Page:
in , ,

Bonding With Your Baby

The bonding process between parent and baby develops during the first twelve months of the infant’s life, primarily by them having close contact with their parents; it is acknowledged that skin-to-skin is the best form of this but all contact is good and facilitates this essential process.

Parent/newborn bonding is not just about feeling good, it was originally about survival.  A close connection between baby and parent provides a cloak of protection for a helpless child in the outside world. When a parent carries their baby they are able to see, interpret and meet their baby’s needs. Physical closeness creates an emotional bond that is crucial for a child’s development. 

The bonding patterns that your baby develops will be reflected in your child’s future relationships and behaviour.  By giving your baby the opportunity to physically and emotionally bond with you at an early age, you also help them to trust other people in later life and be self-assured. 

Research has shown that infants just two hours old make their first attempts to communicate by closely studying their parent’s facial expressions and gestures and listening to their tone of voice. Dr Amanda Weiss Kelly from the Rainbow Babies & Children’s Hospital in Cleveland, one of the largest children’s hospitals in the USA stresses the need for this bonding process to take place to ensure future child development.  “It is very important that you and your baby bond with each other and this can be easily achieved by carrying your baby around with you, responding to their crying with touch and letting them hear the sound of your voice. “

Babies also tend to be calmer and more relaxed when they listen to the sound of their parent’s heartbeat and breathing.  These are small everyday sounds that your baby recognises from being in the womb and that help the bond grow stronger. 

The same is true of facial contact, as Dr Kelly comments “A baby that is being carried usually likes to have facial contact with you, so it’s a good idea to carry your baby so that they can peek up at you and see your face.”   Babies see faces best at a distance of about 12in/30cm.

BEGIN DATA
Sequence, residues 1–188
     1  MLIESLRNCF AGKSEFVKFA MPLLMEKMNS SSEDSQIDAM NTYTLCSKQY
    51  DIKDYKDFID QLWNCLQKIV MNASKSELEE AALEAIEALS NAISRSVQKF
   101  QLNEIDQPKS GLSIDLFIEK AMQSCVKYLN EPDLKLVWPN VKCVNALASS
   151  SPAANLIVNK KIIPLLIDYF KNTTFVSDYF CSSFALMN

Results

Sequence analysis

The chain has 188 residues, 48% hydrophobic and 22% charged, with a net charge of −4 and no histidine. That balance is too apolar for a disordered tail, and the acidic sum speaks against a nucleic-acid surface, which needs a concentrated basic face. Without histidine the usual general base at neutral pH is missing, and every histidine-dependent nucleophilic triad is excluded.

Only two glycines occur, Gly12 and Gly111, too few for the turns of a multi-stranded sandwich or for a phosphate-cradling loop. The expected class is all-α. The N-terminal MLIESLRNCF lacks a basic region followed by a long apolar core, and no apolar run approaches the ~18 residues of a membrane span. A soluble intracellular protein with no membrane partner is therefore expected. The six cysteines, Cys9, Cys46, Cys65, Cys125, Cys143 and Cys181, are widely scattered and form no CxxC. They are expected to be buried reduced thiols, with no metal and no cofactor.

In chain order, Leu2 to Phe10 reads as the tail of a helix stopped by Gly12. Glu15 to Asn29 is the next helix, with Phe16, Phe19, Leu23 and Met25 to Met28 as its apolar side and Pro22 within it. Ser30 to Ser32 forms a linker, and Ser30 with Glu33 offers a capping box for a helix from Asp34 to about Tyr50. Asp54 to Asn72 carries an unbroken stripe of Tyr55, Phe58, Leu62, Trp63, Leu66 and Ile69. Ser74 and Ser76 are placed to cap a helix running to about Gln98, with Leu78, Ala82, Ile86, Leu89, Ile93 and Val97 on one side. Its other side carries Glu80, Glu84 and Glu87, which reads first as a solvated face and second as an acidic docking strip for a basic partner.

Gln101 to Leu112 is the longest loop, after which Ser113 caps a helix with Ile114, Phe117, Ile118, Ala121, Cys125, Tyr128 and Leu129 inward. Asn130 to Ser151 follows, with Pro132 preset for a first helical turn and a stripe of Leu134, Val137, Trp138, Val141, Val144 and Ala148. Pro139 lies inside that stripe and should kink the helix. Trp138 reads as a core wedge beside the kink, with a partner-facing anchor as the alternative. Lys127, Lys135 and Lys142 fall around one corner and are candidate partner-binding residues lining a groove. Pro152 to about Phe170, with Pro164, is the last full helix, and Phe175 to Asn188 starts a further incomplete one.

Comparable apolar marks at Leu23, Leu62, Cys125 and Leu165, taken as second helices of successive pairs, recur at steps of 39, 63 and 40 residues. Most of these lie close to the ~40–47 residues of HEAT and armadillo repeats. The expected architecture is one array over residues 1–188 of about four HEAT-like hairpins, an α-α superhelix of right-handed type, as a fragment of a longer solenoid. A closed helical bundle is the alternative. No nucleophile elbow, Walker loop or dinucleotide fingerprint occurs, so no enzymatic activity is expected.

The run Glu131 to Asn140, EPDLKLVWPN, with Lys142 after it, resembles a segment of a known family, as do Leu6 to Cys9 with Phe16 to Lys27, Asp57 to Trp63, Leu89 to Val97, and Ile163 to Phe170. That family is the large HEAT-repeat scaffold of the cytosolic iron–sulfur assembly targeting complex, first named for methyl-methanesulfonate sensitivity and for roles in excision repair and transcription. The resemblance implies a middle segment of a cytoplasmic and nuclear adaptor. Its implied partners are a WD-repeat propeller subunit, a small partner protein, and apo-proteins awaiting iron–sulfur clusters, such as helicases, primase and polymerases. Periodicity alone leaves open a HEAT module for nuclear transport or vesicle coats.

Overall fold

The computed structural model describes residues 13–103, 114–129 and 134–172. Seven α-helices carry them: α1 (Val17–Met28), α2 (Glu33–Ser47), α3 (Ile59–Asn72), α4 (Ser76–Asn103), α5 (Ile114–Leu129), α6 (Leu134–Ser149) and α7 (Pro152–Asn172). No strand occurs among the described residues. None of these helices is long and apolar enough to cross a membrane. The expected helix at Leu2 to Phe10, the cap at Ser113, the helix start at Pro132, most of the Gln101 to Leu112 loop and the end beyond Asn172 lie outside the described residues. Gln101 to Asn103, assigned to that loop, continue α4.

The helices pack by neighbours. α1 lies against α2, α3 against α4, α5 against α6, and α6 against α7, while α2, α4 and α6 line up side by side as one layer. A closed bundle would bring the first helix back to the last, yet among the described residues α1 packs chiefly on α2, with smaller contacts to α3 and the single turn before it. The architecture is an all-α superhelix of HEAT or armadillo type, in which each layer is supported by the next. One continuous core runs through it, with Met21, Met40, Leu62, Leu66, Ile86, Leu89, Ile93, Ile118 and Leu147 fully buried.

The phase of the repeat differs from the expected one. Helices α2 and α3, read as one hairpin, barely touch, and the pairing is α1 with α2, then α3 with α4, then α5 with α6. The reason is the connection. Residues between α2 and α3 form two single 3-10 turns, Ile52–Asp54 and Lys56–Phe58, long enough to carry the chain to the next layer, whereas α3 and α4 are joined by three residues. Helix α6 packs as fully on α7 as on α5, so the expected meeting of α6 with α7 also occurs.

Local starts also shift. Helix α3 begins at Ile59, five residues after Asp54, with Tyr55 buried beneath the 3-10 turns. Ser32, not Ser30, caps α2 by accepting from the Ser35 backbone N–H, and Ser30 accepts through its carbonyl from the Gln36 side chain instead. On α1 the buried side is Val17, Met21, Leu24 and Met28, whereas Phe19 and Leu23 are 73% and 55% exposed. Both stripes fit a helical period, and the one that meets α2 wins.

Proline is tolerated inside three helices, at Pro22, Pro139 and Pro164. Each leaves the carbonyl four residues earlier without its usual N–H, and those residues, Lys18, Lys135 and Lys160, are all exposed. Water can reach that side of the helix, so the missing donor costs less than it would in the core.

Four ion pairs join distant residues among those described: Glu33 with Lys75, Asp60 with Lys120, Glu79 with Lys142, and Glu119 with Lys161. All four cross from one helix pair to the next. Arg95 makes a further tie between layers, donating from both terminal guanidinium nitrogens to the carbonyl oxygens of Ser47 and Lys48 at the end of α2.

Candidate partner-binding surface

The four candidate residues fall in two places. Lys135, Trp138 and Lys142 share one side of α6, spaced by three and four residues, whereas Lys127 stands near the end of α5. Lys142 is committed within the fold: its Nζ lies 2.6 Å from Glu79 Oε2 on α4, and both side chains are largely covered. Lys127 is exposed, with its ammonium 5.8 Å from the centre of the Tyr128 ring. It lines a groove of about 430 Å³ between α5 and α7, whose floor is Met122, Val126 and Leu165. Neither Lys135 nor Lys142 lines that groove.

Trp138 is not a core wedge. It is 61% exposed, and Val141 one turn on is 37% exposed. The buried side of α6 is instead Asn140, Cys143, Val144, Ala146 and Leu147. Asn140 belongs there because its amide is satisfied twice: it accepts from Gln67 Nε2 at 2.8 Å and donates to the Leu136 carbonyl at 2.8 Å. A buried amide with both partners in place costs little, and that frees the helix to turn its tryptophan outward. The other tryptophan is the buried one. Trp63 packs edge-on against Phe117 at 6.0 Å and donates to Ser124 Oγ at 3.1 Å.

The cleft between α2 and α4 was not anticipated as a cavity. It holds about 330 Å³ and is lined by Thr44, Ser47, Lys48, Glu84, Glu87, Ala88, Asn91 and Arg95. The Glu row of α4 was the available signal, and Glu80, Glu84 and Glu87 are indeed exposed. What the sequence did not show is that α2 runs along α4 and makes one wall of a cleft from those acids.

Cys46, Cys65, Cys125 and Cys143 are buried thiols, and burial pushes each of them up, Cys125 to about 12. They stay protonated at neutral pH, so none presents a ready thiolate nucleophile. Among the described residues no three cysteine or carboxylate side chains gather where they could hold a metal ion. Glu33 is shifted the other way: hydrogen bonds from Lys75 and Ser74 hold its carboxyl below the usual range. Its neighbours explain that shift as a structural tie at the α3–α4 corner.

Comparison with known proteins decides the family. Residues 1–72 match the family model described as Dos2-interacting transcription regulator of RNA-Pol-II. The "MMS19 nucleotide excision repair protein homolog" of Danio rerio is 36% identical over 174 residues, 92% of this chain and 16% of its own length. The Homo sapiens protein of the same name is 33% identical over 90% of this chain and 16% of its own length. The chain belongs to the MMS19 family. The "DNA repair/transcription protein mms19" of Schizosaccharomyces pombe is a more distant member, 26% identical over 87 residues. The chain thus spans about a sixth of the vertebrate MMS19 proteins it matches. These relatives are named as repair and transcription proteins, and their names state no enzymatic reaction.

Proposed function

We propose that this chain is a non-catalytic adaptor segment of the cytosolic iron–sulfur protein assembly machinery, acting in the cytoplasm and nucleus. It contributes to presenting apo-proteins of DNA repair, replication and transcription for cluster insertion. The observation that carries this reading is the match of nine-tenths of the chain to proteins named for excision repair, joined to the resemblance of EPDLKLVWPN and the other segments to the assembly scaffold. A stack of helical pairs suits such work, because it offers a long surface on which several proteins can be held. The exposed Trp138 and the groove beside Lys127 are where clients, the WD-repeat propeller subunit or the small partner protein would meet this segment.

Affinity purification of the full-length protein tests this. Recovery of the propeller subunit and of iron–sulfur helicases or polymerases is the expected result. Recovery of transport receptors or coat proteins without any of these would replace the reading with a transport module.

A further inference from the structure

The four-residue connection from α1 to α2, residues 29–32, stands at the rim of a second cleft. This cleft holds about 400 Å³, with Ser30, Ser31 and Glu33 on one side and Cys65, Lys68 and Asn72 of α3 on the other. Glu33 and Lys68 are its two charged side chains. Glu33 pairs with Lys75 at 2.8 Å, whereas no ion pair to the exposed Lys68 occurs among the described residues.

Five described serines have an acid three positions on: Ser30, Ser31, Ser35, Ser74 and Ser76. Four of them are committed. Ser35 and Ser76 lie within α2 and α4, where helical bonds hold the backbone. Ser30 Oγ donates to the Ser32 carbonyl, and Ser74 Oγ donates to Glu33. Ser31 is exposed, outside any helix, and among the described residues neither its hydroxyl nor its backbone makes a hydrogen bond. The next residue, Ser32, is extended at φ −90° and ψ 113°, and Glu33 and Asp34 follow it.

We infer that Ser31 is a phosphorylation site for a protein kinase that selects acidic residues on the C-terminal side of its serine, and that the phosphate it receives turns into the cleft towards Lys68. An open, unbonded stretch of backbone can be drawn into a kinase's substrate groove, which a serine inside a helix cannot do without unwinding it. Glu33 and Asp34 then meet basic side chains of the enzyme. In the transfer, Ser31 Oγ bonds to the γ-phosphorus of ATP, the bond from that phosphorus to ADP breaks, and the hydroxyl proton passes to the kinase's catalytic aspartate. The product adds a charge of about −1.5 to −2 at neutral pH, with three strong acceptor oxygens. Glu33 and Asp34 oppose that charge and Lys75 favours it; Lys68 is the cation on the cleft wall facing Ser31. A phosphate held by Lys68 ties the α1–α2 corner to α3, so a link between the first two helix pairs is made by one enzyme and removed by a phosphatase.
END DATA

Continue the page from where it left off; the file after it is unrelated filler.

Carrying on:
BC_One_gray_denim[2] (2)

BabyBjörn Baby Carriers offer parents the opportunity to have their baby close to them for longer, allowing this essential bonding process to flourish, whilst at the same time allowing parents to be hands-free to get things done.

Following on from the success of the BabyBjörn baby Carrier One launched in 2013, the popular carrier is back and with even more features designed for comfort and support.

A new look, which clearly shows the seat area it gives your child, structured head support for newborns, an ergonomic, wide leg position; extra thick padding in the shoulder straps for parents, as well as a sturdier waist belt that relieves pressure on the shoulders, to name but a few of these new features.

Carrying your baby or toddler is a more popular option than ever as parents are increasingly realising the multiple benefits of this activity, as well as it being practical whether you’re in a busy town or walking through the countryside, so comfort and support is paramount. The new design from BabyBjörn has different positions depending on the age and size of your little one and ensures comfort and support all round.

All BABYBJÖRN Baby Carriers comply with the strictest Öko-Tex Standard 100, Class I. This means that they are completely free from harmful substances and are safe for little babies to even chew on.

The BABYBJÖRN Baby Carrier One will be available in cotton or in mesh.

BABYBJÖRN Baby Carrier One, recommended retail price: £124.99

Baby Carrier One is “hip-healthy”

The International Hip Dysplasia Institute has tested Baby Carrier One and acknowledges it as a “hip-healthy” baby carrier. The hips of a newborn baby get the correct support and are held in an optimal position with the legs angled outwards. This encourages the good hip joint development that is so important during the first months of your child’s life.

School children invited to pen sleepy stories for national competition

Disney Princess Toddler Dolls